Caribbean concern over rum subsidies The Caribbean Community and Common Market (CARICOM) has reiterated its concern over the threat posed to the competitiveness of Caribbean rum in the United States market by subsidies granted to rum producers by the United States Virgin Islands (USVI) and Puerto Rico (PR). United States has been running a Rum Cover-Over Program since 1917. This consists of a tax levied on sales of the spirit in the US market, most revenue from which is transferred to USVI and PR to aid these territories’ economic development. However, according to the Finance Committee of Puerto Rico’s Chamber of Representatives, USVI has, since 2007, used much of the reimbursement to encourage the local rum industry. Faced with this situation, Puerto Rico has sought to limit the impact of such measures: on the one hand, it has submitted a bill to the Chamber of Representatives to prevent PR and USVI from using the reimbursements to provide unreasonable subsidies for rum producers,[1] and on the other hand, it has pledged to provide incentives for certain firms to maintain minimum production in its territory.[2] These incentives consist in reimbursing the beneficiary companies for around 50% of levies from the US import tax on their products. This is at the expense of other competitors, such as producers in the CARICOM countries. At its 35th meeting in Georgetown, Guyana, December10-11, a Council for Trade and Economic Development (COTED) communiqué called on the United States to work together with Caribbean countries to restore the competitive access of Caribbean rum to the US market. This concern had also been voiced at the 33rd Regular Meeting of the Conference of Heads of Government of the Caribbean Community in July 2012, where leaders stated that such subsidies are contrary to WTO provisions. The Agreement on Subsidies and Countervailing Measures (ASCM) of the World Trade Organization (WTO) provides three requirements for a measure to be defined as a subsidy: it must be (1) a financial contribution, (2) made by a government, which (3) involves the granting of a benefit; and it must also comply with the criterion of specificity (e.g. targeting certain companies or a particular sector). These requirements apply to subsidies granted by PR and USVI to rum-producing companies installed in their territories. However, not being tied to export performance, they do not fall within the group of prohibited subsidies; however, they can be considered reviewable and can only be applied as long as they have no adverse effects on the other members’ interests.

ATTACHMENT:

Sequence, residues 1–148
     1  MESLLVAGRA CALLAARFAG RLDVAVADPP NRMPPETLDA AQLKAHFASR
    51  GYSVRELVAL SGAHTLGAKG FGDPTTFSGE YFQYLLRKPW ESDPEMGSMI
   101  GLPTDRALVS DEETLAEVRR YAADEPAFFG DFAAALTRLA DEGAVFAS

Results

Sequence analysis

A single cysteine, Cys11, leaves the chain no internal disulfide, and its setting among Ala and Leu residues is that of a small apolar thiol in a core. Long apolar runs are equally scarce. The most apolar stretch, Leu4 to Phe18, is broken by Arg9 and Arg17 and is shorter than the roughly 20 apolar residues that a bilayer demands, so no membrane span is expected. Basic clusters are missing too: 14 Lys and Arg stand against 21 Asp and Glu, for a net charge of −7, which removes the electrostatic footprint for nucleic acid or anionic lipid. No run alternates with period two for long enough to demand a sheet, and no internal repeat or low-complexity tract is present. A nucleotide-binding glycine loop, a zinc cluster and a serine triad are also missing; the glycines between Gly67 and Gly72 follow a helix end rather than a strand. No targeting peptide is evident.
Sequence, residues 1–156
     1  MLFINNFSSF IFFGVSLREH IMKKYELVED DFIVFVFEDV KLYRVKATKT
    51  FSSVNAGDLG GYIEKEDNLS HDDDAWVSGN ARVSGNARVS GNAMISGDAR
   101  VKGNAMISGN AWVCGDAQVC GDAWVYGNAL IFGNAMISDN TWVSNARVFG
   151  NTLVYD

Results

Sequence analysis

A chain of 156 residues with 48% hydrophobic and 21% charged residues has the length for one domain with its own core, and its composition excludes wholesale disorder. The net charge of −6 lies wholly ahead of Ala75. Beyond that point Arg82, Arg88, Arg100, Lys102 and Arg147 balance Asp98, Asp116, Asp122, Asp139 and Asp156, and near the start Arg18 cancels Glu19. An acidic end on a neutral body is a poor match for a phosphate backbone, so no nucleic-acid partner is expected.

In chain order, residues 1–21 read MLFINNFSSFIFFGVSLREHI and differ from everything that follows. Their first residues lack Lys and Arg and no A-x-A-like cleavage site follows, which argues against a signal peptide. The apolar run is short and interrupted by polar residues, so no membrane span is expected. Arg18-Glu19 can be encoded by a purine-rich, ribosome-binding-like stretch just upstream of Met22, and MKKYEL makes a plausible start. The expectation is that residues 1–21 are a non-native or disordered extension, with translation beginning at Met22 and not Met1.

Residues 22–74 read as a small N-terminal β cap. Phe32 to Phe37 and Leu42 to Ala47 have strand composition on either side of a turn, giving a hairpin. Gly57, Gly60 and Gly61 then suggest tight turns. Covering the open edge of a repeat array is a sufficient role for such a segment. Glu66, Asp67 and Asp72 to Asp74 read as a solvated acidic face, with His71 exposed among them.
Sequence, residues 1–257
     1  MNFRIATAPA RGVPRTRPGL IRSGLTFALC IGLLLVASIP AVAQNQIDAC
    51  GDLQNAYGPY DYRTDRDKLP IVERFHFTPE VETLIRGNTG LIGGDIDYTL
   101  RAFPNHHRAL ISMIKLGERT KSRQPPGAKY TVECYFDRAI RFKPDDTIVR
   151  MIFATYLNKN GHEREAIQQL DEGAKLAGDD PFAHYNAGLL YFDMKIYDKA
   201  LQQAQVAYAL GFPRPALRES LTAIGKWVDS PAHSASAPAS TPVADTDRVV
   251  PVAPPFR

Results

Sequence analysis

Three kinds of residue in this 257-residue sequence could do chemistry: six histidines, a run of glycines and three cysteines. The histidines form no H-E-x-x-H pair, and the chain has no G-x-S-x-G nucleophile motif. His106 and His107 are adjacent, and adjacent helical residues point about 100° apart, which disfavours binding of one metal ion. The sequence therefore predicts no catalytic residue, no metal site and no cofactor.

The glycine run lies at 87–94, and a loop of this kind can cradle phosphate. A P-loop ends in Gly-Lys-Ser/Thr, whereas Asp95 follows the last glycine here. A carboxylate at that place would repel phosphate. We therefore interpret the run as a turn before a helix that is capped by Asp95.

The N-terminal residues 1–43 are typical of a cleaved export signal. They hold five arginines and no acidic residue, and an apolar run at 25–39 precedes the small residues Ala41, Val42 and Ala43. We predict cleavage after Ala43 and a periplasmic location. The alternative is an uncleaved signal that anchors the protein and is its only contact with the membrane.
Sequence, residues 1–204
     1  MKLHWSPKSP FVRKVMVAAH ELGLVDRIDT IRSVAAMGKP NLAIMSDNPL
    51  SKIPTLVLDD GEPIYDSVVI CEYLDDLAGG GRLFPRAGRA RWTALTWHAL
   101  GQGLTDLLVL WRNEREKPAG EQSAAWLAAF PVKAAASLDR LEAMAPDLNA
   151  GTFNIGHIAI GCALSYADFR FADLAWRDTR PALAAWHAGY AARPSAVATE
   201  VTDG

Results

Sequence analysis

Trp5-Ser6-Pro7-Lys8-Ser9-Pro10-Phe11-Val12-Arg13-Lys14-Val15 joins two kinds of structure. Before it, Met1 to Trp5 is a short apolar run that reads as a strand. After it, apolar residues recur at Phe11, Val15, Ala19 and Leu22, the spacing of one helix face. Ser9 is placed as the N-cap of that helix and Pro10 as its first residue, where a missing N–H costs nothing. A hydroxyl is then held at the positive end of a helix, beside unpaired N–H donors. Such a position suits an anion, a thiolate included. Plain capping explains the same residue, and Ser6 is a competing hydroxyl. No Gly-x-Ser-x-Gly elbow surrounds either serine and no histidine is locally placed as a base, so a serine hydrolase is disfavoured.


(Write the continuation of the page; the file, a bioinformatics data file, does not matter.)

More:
7 INTAL Monthly Newsletter N° 197 - January 2013 - All rights reserved